Sa die de sa Sardigna (Sardinia’s day)

The 28th of April is “Sa Die de sa Sardigna“, ‘Sardinia’s Day‘. The day has been chosen to commemorate the events of the 28th of April of 1794, day in which the Sardinian people rose up against the Piedmontese administration of the island.

The reasons for the uprising were both political and economical. First of all was Sardinia’s involvement in Piedmont’s war engaged against revolutionary France. In 1793, the French fleet made an attempt to conquer the island landing at Carloforte. But the Sardinian population held out, defending their own country and the Savoy Kingdom.
For its resistance and loyalty, Sardinia expected a reward from the Savoy crown. In particular,​ it asked for some military and civil offices and for more autonomy in its local government.

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The King’s peremptory refusal to grant the island any of these wishes eventually spurred the rebellion, with the arrest of two notable figures of the so-called “Patriotic Party” (the lawyers from Cagliari Vincenzo Cabras and Efisio Pintor) being the final spark of unrest amongst the populace. On 28 April 1794, known as sa die de s’aciappa (standing for “the day of the pursuit and capture”), people in Cagliari started chasing any Piedmontese functionaries they could find; since many of them started to wear the local robes in order to blend into the crowd, any people suspected to be from the Italian mainland would be asked by the populace to “say chickpea” (nara cixiri) in Sardinian: failure in pronouncing the word correctly would give their origin away. By May, all the 514 Savoyard officers were put on a boat and sent back to the Mainland. Encouraged by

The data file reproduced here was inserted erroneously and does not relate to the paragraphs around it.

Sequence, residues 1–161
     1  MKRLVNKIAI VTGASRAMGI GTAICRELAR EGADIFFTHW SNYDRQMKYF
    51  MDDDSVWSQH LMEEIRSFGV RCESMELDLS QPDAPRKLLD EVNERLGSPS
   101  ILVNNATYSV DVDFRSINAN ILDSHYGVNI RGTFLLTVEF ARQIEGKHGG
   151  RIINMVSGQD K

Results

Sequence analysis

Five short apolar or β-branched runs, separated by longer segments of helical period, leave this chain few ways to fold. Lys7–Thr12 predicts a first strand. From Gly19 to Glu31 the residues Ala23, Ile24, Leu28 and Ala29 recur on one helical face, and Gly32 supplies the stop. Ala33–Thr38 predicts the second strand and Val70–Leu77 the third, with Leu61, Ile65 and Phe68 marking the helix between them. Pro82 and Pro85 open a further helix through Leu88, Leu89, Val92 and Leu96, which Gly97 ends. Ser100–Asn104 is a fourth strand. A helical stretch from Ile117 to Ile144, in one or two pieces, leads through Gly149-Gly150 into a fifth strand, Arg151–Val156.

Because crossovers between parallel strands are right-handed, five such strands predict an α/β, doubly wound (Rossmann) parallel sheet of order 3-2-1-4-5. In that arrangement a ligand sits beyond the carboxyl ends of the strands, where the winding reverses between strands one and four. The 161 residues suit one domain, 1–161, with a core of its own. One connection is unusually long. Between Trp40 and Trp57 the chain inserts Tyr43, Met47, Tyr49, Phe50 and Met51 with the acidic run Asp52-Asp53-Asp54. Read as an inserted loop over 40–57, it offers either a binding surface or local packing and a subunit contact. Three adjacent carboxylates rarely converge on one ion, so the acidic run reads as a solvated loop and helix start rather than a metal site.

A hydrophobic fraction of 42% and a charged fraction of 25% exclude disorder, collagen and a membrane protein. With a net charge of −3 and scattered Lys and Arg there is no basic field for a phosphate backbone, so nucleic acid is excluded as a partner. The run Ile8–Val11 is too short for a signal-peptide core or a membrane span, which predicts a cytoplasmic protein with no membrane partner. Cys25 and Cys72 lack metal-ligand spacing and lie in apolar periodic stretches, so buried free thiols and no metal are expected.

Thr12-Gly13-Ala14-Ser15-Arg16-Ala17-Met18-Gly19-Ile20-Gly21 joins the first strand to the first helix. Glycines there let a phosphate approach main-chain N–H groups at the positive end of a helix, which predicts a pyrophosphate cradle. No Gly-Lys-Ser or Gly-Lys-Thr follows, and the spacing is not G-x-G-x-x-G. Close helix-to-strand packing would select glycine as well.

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what happened in Cagliari, the revolt spread throughout the island in the countryside as well and people in Alghero and Sassari did the same.

The uprising was then led for another two years by the Republican​ Giovanni Maria Angioy, then a judge of the Royal Hearing (Reale Udienza), but it was later repressed by the loyalist forces that became bolstered by the peace treaty between France and Piedmont in 1796. The revolutionary experiment was thus brought to an end and Sardinia remained under Savoy rule.​​

 

Su patriottu Sardu a sos feudatarios (The Sardinian Patriots hymn to the feudatories) is the national anthem of Sardinia. It was written during the days of the uprising by Francesco Ignazio Mannu and it contains a harsh attack against lords and barons.

Procurade e moderare, —- (Endeavour​ to moderate,)
Barones, sa tirannia, —- (Oh barons! your tyranny,)
Chi si no, pro vida mia, —- (For if not, upon my life,)
Torrades a pe’ in terra! —-  (You will be humbled to the ground.)
Declarada est già sa gherra —- (War is even now declared)
Contra de sa prepotenzia, —- (Against oppressive power,)
E cominzat sa passienzia —- (And patience in the people)
ln su pobulu a mancare —- (Is beginning to give way.)

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